December 6 , 2000
AMA Reaffirms Support of Pain Relief Promotion Act
The AMA House of Delegates voted overwhelmingly to defeat a resolution
suggesting withdrawal of AMA support for the Pain Relief Promotion
Act today at its winter meeting in Orlando, Florida. The Reference
Committee report (following), which summarized testimony and made
the recommendation to reaffirm AMA support of the Pain Relief Promotion
Act, points out that there is clear evidence that implementation
of the few state laws with wording like the Pain Relief Promotion
Act have uniformly been followed by an increase in per capita morphine
prescription, not a decrease. It is clear that claims of a so-called "chilling
effect" are unfounded and without scientific merit.
With reaffirmation of overwhelming AMA support, it is more important
than ever that Congress pass and President Clinton sign the enlightened
Pain Relief Promotion Act, which has bipartisan support and is supported
by the majority of congressional members in both chambers. Patients
need improved pain treatment and palliative care, not assisted suicide.
N. Gregory Hamilton, M.D.
President, Physicians for Compassionate Care (503-276-1293)
(Following is the Reference Committee Recommendation which was passed
RESOLUTION 214 - OPPOSITION TO THE PAIN RELIEF ACT
Mr. Speaker, your Reference Committee recommends that Resolution
214 not be adopted.
HOD ACTION: Resolution 214 not adopted.
Resolution 214 asks that our American Medical Association oppose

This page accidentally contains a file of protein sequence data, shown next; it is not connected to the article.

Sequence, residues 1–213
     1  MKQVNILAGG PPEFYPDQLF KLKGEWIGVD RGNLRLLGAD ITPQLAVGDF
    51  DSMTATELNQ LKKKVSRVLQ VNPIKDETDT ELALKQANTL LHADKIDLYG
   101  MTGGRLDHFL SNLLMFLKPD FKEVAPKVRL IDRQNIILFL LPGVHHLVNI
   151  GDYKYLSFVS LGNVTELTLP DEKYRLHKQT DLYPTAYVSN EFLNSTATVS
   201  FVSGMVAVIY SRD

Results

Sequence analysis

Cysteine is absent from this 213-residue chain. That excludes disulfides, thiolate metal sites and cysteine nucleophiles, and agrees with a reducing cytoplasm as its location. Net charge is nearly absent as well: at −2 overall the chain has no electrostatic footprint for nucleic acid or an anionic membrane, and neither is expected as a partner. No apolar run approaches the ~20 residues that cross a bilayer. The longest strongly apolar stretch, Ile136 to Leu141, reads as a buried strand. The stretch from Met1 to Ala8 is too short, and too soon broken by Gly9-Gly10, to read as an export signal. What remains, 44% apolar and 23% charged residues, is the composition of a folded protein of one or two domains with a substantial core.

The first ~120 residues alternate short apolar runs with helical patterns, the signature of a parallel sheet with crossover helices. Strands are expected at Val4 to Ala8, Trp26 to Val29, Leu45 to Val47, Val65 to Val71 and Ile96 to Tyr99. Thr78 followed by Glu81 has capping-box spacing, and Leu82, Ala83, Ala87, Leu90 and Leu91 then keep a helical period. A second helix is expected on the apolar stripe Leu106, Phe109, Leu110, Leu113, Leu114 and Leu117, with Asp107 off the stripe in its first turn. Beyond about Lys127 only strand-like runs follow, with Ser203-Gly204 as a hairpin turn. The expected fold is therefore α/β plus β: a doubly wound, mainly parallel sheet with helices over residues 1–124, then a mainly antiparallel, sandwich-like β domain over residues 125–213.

the Pain Relief Promotion Act due to the Act's unintended consequences
and potential chilling effect on the practices of palliative medicine
and pain management.
While noting that some organizations are persisting in opposition
to the Federal "Pain Relief Promotion Act," your Reference Committee
heard overwhelming support for not adopting this Resolution that
would reverse our AMA's position on this bill.
In short, your Reference Committee believes that our AMA and interested
state and national medical specialty societies, working together,
accomplished what the House of Delegates asked be done pursuant to
actions taken at I-99: principally, that our AMA work to make specific
clarifications to the bill with its sponsors to erase any lingering
concerns about creating new Federal intrusion into the practice of
Your Reference Committee particularly appreciated hearing from the
many individual physicians who have practiced in the palliative care
and pain relief areas and who joined with national, state and specialty
organizations to voice continued support for our AMA's efforts to
move this bill forward.
As was noted in the Reference Committee hearing, many states have
already adopted language substantially similar to the new safe harbor
in the Pain Relief Promotion Act, although it was specifically noted
that Minnesota's law that prohibits the prescribing of controlled
substances for purpose of effectuating a physician-assisted suicide
fails to include this protection for physicians whose intent might
be questioned by state or Federal authorities.
Mr. Speaker, this concludes the report of Reference Committee B.
I would like to thank Richard Ambur, MD, Philip Briggs, MD, Roger
Gaddy, MD, Kristie Paris, MD, Clarence Sanders, MD, Melissa Thomas,
MD, and all those who testified before the Committee. The Committee
also would like to thank our AMA staff who assisted us: Rebecca Cerny,
JD, Mary Kuffner, JD, Ron Szabat, JD and Wendy Holmes.